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Trying to understand colour grading and exposure: Workflow & edits

published Dec 01, 2019 03:10   by admin ( last modified Dec 01, 2019 07:44 )

In this video, beginning at 9:28, Color Grading Central goes through how to make video color grading and light editing in  Davinci Resolve 16: https://www.youtube.com/watch?v=NoyDMKqo80U

Now colour grading video is not something I've ever done, but it so happened I watched this video on the topic and I realised that the info contained might be especially helpful for those of us who just post images and videos occasionally, to a at least get the bascis right.

So here's how I interpret the info in the video: Correcting the color and exposure in a video or image is a lot about using the available dynamic range on screen and in the human eye. In that way the material that you are presenting is using as much as possible of the viewer's perceptual space, so to speak.

1. Start with adjusting the exposure. This means adjusting the darkest shadows to be near black (since then we are then using as much as possible of the perceptual space available).

2. After that, adjust the highlights to near white.

3. After that, the midrange probably sits a bit too high in the image. Adjust the curves so that the midrange spreads out across the perceptual space to give the most detail.

4. Adjust the white balance. Find an area in the image that is supposed to be white, and use that as a reference point to white (in the 1980s I did some video, and back then you would white balance the video camera by pointing it at a white paper and press the "white balance" button)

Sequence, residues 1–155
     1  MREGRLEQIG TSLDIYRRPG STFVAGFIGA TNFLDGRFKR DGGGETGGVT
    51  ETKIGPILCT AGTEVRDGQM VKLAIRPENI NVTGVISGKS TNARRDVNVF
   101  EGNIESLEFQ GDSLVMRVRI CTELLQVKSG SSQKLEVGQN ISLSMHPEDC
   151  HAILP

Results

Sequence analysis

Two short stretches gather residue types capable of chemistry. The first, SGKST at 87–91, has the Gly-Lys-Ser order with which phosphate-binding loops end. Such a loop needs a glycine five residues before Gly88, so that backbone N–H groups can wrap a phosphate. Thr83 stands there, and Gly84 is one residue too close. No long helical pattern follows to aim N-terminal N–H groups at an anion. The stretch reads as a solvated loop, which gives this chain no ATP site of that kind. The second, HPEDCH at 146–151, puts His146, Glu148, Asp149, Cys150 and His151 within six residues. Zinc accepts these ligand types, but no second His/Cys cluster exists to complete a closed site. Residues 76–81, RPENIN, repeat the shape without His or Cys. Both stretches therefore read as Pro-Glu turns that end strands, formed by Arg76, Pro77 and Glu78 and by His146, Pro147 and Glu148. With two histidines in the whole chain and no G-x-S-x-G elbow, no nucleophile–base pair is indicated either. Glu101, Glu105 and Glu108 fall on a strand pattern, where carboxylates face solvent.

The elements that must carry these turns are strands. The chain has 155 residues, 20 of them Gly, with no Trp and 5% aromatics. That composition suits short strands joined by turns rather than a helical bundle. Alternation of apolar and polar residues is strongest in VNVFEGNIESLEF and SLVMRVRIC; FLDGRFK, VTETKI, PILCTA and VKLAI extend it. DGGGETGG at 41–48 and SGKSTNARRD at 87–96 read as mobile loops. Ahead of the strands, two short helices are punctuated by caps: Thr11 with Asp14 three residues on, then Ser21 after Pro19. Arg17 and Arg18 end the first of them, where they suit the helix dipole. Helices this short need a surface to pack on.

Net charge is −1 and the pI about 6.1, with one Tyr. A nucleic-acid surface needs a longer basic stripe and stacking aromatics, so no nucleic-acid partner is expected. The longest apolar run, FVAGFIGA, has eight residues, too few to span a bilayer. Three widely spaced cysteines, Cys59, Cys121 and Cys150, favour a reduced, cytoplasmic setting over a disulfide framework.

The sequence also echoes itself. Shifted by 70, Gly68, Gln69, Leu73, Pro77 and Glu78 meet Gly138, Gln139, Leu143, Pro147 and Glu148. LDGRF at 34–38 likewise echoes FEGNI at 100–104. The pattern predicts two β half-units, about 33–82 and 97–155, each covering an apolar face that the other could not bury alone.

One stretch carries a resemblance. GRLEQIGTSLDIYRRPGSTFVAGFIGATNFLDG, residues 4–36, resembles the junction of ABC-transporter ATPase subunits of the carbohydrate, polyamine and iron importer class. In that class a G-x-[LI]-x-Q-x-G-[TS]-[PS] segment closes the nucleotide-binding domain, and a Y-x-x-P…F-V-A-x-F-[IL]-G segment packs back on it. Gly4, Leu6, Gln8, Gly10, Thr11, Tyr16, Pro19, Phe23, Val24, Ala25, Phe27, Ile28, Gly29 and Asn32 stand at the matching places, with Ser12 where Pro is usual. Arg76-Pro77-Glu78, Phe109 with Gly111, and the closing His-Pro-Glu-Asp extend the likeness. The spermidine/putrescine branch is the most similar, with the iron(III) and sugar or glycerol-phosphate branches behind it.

5. Adjust the saturation of the image, by analysing how much there is and then e.g. increase it, again to fill up the perceptual space.

 

Bonus point, there is an aestethic called "orange/teal" which gives faces a special colour that pops against the background.

 

In professonal video, it seems you often record images with an exposure curve that is unnatural, but preserves the most dynamic. That is, you always need to colour grade in post to get back to natural. This unnatural curve is called "log profile" or "flat profile". The logic seems similar to audio technologies such RIAA correction in record players, and Dbx or Dolby noise reduction: You record in a compressed or expanded way, and then in these audio cases recompensate at playback to improve the signal to noise ratio..